ImageSORBA's Board of Directors met on November 22nd, at the Elachee Nature Center in Gainesville, Georgia. We had a full house, too, with a record-breaking 23 chapters represented! The meeting began at 8 a.m. with a continental breakfast and coffee and didn't break up til after 8 p.m. and pizza. In between was a full day of speakers, discussions, and votes.

Tom Sauret, SORBA Executive Director, started with a meeting overview and agenda review. After Secretary Renee Martinez took roll, Tom discussed the realingnment of existing chapters, which was brought on by insurance costs. The Macon and Rabun Counties chapter has been dissolved, and Macon County members have been moved to At Large memberships, pending the creation of a new chapter in their area. Rabun County members are now part of the Upper Chattahoochee Cycling Club chapter. SoFA has been disbanded, and their members have been reassigned to their geographically-closest chapter. The Board then voted to accept Tuscaloosa SORBA as a full chapter. With a new president at the table, the Board then set the date and location for the next meeting as February 28th at FATS, with the Central Savannah River Area chapter hosting. The November 2009 meeting will possibly be hosted by Uwharrie, with the details to be set at the February meeting.

Bob Grieco, acting SORBA President upon the relocation of Eric Hunter to Portland, Oregon, then spoke, turning his focus on the presidents, asking the chapter representatives what their most pressing concerns were. Some of the responses included access to community resources, and that land managers were demanding better organization. Grieco said the focus of the Executive Board is to support the chapters, and he hopes to get to know them better, and address their individual concerns directly, in the coming year

National Parks Service Seeks Public Input on Chattahoochee National Recreation Area

ImageThe National Parks Service is soliciting public input on their Supplemental Draft General Plan/Environmental Impact Statement for the Chattahoochee NRA. SORBA has been very involved in this process, and will remain involved as the plan is adopted and implemented in the years to come. A public input meeting held on October 30th drew 40 participants; half of those present were SORBA members.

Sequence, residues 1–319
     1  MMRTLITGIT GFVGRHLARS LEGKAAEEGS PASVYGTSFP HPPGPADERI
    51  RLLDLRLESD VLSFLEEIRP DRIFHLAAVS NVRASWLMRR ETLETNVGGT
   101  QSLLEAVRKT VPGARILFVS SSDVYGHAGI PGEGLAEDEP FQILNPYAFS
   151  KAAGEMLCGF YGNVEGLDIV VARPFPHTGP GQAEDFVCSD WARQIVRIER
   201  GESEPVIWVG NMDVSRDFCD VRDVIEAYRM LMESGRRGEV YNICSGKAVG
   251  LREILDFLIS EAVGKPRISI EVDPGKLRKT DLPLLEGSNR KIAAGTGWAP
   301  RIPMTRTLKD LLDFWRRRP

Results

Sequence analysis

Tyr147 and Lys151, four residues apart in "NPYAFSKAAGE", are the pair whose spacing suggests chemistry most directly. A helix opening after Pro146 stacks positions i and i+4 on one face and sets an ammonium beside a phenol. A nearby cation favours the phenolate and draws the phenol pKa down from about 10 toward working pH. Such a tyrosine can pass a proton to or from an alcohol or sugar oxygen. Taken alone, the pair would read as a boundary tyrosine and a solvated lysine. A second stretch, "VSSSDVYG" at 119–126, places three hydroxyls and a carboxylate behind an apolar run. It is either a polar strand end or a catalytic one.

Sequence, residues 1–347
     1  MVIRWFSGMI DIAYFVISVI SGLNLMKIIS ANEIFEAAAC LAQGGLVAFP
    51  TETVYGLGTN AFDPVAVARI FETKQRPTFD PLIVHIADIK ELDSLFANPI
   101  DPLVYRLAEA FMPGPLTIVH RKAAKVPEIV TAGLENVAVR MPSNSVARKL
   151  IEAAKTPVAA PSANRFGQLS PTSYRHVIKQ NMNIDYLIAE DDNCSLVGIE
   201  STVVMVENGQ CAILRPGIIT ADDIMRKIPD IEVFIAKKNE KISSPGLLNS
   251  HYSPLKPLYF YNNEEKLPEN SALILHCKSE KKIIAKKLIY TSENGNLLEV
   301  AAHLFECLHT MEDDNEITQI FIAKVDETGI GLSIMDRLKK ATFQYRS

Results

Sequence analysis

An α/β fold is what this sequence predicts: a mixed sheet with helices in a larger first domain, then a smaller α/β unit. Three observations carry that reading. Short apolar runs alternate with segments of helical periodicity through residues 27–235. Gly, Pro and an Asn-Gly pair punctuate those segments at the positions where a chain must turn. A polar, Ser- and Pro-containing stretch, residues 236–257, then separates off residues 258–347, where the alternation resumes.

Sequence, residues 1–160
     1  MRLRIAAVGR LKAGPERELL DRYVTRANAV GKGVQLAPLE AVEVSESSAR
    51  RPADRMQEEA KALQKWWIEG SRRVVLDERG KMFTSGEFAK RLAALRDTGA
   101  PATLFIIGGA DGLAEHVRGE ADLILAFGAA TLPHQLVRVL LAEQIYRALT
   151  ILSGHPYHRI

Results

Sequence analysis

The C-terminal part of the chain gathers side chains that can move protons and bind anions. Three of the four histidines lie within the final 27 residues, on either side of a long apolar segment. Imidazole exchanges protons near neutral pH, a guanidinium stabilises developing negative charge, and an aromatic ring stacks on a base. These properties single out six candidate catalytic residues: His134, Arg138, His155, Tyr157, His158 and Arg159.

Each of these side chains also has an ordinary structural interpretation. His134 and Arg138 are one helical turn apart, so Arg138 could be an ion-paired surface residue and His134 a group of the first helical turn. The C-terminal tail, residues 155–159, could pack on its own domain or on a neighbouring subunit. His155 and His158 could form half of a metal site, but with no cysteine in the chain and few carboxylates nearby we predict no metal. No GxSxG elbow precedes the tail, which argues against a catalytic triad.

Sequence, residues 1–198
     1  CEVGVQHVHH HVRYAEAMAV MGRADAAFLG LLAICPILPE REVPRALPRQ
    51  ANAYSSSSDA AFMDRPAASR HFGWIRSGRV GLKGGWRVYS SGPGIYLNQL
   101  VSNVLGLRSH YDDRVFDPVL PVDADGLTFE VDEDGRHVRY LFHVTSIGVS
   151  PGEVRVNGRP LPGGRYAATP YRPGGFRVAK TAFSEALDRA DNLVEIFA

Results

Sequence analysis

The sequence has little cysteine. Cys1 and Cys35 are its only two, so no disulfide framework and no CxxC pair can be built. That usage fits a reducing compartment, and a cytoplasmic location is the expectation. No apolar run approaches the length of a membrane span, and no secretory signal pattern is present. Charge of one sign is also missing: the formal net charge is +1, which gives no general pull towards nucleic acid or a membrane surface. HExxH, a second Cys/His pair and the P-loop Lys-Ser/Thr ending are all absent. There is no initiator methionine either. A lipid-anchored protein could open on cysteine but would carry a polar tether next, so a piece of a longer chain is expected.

The current preferred plan is Alternative F. Alternative F has delineated zones in the park, and assigns appropriate recreational activities for the zones. Off-road cycling is allowed in all but two zones in this plan. Although SORBA generally supports Alternative F as the preferred alternative, we continue to stand behind our long-term objection to the exclusion of bicycling from certain management categories. In particular, this exclusion precludes any possible development of bicycle trails (paved or un-paved) within the Bowmans Island unit of the CRNRA. Bowmans Island is located in a rapidly growing area of Gwinnett and Forsyth Counties where the need for mixed-use, trail-based and dispersed recreation opportunities are great.

Keeping Bowmans Island closed to bicycling inhibits any potential development of long-distance cycling trails along the Chattahoochee River corridor connecting Lake Lanier (and Army Corps of Engineers property) to the downstream units of the CRNRA. Such a connection would be a very important and sought-after recreation opportunity that would greatly enhance the quality of life in the neighboring communities. This prohibition also seems to conflict with the NPS’s own initiatives through the Rivers and Trails Conservation Assistance Program (RTCA) and the management mission of a National Recreation Area.

Pages